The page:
The White House Office of Science and Technology has announced that NCI Australia and the Pawsey Supercomputing Centre have joined the US-led COVID High Performance Computing (HPC) Consortium.
Joining the group as a Collaborating Initiative, the Australian research facilities join the European Union’s PRACE as an international affiliated initiative.
The Consortium is a unique private-public effort spearheaded by the White House Office of Science and Technology Policy, the US Department of Energy and IBM to bring together government, industry and academic leaders who are volunteering free compute time and resources on their world-class machines.
In April 2020 the two Australian HPC Centres joined efforts to open a rapid response call for COVID-19 researchers. Time is being made available on the Southern Hemisphere’s fastest supercomputer, NCI’s Gadi housed at The Australian National University, and Pawsey’s newly deployed cloud infrastructure, Nimbus, managed by Australia’s national science agency – CSIRO.
Supported by the Australian Government, three teams from across Australia are accessing 40 million hours of compute time on NCI’s state-of-the-art Gadi, along with five teams accessing multifunction cloud capabilities using Pawsey’s Nimbus.
Projects of this scale would not be possible in Australia without the computer power available at the Tier-1 facilities.The collaboration between the two centres and their newly commissioned infrastructure was key in enabling these projects rapid access to large-scale allocations.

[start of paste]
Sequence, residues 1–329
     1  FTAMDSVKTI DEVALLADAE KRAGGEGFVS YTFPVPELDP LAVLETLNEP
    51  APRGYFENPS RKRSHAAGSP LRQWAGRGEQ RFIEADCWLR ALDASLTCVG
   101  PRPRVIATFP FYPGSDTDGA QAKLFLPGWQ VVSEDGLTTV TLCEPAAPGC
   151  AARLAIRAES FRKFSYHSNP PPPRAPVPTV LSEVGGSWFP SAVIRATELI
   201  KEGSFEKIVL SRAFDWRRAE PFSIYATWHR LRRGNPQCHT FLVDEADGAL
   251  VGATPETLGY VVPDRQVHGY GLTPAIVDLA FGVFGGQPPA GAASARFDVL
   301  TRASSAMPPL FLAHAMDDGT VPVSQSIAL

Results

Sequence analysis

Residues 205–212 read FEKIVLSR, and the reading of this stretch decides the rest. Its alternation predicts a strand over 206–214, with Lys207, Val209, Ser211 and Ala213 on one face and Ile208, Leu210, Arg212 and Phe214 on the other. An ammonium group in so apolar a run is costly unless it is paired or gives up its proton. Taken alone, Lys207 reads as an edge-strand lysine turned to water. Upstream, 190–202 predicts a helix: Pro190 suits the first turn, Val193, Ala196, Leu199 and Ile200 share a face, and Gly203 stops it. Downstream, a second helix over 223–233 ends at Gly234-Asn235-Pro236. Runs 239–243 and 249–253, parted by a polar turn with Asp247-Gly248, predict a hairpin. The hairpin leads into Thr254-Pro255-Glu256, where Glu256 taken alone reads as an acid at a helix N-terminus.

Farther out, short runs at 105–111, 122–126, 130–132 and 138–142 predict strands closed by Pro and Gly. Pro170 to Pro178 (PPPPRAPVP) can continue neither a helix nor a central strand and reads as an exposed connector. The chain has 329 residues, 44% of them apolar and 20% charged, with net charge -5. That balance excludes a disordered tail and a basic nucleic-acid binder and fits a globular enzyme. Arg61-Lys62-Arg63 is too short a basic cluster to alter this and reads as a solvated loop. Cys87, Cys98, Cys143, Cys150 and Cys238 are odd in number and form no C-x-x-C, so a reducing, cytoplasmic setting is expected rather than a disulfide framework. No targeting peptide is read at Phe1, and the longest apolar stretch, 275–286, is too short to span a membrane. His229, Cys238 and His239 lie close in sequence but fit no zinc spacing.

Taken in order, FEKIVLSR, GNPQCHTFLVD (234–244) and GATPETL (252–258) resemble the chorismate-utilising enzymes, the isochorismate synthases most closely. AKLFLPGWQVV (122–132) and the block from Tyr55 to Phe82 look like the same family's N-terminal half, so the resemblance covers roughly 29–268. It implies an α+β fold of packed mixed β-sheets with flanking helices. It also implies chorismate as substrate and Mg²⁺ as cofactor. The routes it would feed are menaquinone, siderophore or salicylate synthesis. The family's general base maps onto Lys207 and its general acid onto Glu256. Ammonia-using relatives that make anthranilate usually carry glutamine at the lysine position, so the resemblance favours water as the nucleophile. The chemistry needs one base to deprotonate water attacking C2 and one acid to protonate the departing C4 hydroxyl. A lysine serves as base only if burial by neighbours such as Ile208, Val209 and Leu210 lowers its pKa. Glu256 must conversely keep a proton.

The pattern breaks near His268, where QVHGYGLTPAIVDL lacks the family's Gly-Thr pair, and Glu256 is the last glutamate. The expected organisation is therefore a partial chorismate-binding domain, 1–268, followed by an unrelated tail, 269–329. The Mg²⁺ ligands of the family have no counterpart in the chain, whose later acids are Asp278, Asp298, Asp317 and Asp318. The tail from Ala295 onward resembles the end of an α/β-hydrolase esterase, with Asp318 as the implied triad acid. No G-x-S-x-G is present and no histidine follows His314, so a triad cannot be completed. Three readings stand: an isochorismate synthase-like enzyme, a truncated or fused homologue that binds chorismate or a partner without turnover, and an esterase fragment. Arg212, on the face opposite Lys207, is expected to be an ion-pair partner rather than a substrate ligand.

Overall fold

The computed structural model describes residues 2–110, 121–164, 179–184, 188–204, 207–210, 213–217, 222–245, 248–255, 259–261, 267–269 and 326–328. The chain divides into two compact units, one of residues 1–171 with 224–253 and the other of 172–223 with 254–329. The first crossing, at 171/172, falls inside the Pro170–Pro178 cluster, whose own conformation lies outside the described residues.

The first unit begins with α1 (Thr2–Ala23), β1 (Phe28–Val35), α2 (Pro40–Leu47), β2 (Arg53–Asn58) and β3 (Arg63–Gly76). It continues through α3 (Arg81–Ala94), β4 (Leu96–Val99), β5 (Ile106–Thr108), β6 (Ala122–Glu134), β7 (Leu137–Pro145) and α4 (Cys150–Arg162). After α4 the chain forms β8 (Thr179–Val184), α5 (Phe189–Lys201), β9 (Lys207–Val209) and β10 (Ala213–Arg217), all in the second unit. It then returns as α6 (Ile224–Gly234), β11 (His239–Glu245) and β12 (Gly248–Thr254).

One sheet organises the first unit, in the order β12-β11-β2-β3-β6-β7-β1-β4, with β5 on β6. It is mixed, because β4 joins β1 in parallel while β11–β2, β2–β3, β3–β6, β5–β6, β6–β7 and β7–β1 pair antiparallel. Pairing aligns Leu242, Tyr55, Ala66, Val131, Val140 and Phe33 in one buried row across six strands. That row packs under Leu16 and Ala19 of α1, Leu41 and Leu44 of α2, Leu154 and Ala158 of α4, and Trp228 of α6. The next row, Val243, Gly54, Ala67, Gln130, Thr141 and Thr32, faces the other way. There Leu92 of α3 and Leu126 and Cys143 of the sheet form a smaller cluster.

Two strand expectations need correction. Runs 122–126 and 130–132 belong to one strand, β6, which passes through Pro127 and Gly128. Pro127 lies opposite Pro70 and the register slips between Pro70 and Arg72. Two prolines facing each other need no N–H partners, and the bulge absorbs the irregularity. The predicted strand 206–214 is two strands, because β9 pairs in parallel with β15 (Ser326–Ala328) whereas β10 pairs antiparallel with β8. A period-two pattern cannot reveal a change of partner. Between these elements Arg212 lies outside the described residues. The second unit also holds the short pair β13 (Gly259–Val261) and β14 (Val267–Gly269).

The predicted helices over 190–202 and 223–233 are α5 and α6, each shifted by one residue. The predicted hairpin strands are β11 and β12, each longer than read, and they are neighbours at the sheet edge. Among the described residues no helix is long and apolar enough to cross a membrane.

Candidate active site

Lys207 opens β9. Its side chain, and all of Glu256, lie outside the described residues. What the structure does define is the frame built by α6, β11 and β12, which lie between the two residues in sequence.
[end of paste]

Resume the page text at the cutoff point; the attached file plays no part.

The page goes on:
Mark Stickells, Director of the Pawsey Supercomputing Centre, said “the global threat of COVID-19 demands that national and international experts work together to understand the virus, mitigate its spread and develop a vaccine.
“Pawsey’s collaboration with NCI brings Australian supercomputing expertise and infrastructure together to support advanced analysis and simulation, accelerating the work of our national research organisations and their partners.
“Australian government investment in both centres is vital to our efforts and supports both centres in joining this international HPC consortium,” he said.
Researchers are tackling the problem from many directions, including investigations into virus lineages, potential treatments and COVID-19 protein behaviour. Australian researchers are bringing their experience and innovative approaches to fighting the pandemic using all the supercomputer tools at their disposal.
Professor Sean Smith, NCI Director, said that researchers benefiting from the Australian HPC COVID-19 Rapid Response have vast experience and expertise in their fields.
“For decades supercomputing has enabled Australian scientists to tackle the greatest problems. Vaccine investigations and protein analysis have formed part of NCI’s history, laying the groundwork for some of our major research user groups to rapidly pivot in response to the COVID-19 pandemic. The value of the national computational infrastructure at NCI and Pawsey to support this research is clear as we harness our knowledge and experience to look for new answers,” Professor Smith said.
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